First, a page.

French riots fuel far-right National Rally’s march into the mainstream. Why is no one reporting on it?

By Fatou Ferraro Mboup

Published Jul 7, 2023 at 02:29 PM

Reading time: 3 minutes

Over the past ten days, France has witnessed a surge in protests, riots, and social unrest. While the media coverage has predominantly focused on what led to these violent events, there is a concerning lack of attention given to the rise in the far-right political party the National Rally’s power and influence. Highlighting the broader political extremist division within the nation and the potential ramifications for increased racism and discrimination against minorities is fundamental.

What is the National Rally and why is it picking up steam now?

The National Rally, until 2018 known as the National Front, is a far-right political party in France. Over the last few years, and even more so since the killing of 17-year-old Nahel Merzouk, it has experienced a significant resurgence.

Originally founded in 1972 by Jean-Marie Le Pen, whose daughter Marine Le Pen followed in his footsteps as party leader up until stepping down in 2021, the National Rally is now under the leadership of Jordan Bardella, a 27-year-old who joined the party as a teenager.

Jean-Marie Le Pen gained notoriety for espousing extreme ideologies including xenophobia, anti-immigration sentiments, and Euroscepticism. His provocative and inflammatory rhetoric, which included hate speech and Holocaust denial, earned him the notorious nickname of ‘the Devil of the Republic’.

And although Marine was the one who began the work to restore the controversial party’s image by keeping some of its most problematic stances quiet, for the first time in 50 years, it looks like her plan might actually be working. The far-right party is picking up steam among French citizens, and it’s doing so scaringly fast.

Following her election as party leader back in 2012, the then-National Front underwent an intense process of ‘de-demonisation’ in which Le Pen aimed to broaden the party’s appeal and shed its extremist image.

Focusing on issues such as national identity, immigration, and security, Le Pen pretended to position the party as neither left nor right, appealing to a wider spectrum of voters—and it worked perfectly for her. The National Rally’s popularity grew under her leadership, and by 2015, it had established itself as a major political party in France.

Despite previously giving the impression of wanting to retire from politics, Le Pen has gradually made a comeback as a prominent figure of the National Rally. In a surprising turn of events, she has garnered a growing following of individuals who wish to see her return to power, as recently shown by incredibly high poll ratings during the country’s latest Presidential election.

Since then, polls have revealed that the gap between Emmanuel Macron and Le Pen has further narrowed, causing understandable concern within the current President’s camp ahead of 2027.

Despite persistent criticism from political opponents, public perception of both Le Pen and her highly problematic and threatening party has undergone a shift.

The role of the National Rally and its violent supporters in the French riots

Beyond the rise of the National Rally’s popularity, France is grappling with an even broader political extremist division. Fueled by economic disparities, cultural clashes, and a sense of alienation, this has in turn created a fertile breeding ground for radical ideologies. The ongoing protests and riots have further exacerbated these divisions, magnifying the potential for deep-rooted social strife.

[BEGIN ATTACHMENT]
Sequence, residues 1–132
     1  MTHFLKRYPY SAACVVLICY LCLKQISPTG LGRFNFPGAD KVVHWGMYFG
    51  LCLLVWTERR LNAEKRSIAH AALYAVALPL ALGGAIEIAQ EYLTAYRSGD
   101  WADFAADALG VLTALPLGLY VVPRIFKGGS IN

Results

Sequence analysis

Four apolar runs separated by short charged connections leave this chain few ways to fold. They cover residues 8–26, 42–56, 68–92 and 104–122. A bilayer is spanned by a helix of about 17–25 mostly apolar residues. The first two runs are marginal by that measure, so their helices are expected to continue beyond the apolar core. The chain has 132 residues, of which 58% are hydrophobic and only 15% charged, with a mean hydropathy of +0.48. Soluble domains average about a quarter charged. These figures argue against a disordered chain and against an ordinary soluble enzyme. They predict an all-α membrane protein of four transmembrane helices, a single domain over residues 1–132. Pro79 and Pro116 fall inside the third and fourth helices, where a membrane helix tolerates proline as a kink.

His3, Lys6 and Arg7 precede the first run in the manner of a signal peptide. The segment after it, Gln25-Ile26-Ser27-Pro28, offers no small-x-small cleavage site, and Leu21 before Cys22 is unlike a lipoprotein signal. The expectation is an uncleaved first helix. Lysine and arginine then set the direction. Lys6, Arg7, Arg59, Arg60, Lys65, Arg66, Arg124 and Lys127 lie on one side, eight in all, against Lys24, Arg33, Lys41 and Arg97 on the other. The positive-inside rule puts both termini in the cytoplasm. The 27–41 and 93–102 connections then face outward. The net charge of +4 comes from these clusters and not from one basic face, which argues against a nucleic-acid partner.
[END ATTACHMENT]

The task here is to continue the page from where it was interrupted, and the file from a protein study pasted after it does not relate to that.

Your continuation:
As the National Rally continues to gain more power and influence, there is a genuine concern that the party’s rhetoric could embolden and legitimise acts of racism and discrimination against minorities. The history of such extremist movements in Europe serves as a stark reminder of the dangers posed by the normalisation of xenophobia and hatred.

Far-right extremists and their quest to restor order

In the midst of this socio-political turmoil, fringe groups like far-right extremists and National Rally supporters are seeking to exploit the chaos in order to position themselves as enforcers of law and order. These individuals, known for their propensity for violence, attempt to take advantage of the prevailing unrest to advance their own divisive agendas.

SCREENSHOT sat down with Momo, a Parisian of Senegalese-French descent, who described the recent riots as resembling scenes from an apocalyptic movie, with the city engulfed in flames while simultaneously witnessing avid photographers capturing images of Cardi B and other celebrities attending Paris Fashion Week.

Talking about his experience attending one of the many protests that have since spread across the nation, Momo shared: “I didn’t want to leave the house, but my friend insisted for me to come. What I witnessed that night left me in shock—storms of skinheads were running up and down the street, with massive iron chains and swastikas on top of their jackets, with a chorus of people screaming ‘France for French people’.”

Such extremist factions, if left unchecked, could undermine the fabric of French society and perpetuate a cycle of violence and discrimination. Heck, it’s not only France that’s seeing a rise in far-right extremism. Whether in Italy, Spain, or Finland, as noted by The Guardian, “across Western Europe, far-right parties are advancing: climbing steadily up the polls, shaping the policies of the mainstream right to reflect nativist and populist platforms, and occupying select ministerial roles in coalition governments.”

So why is no one reporting on the far-right’s terrifying march into the mainstream, and what are we going to do about it?

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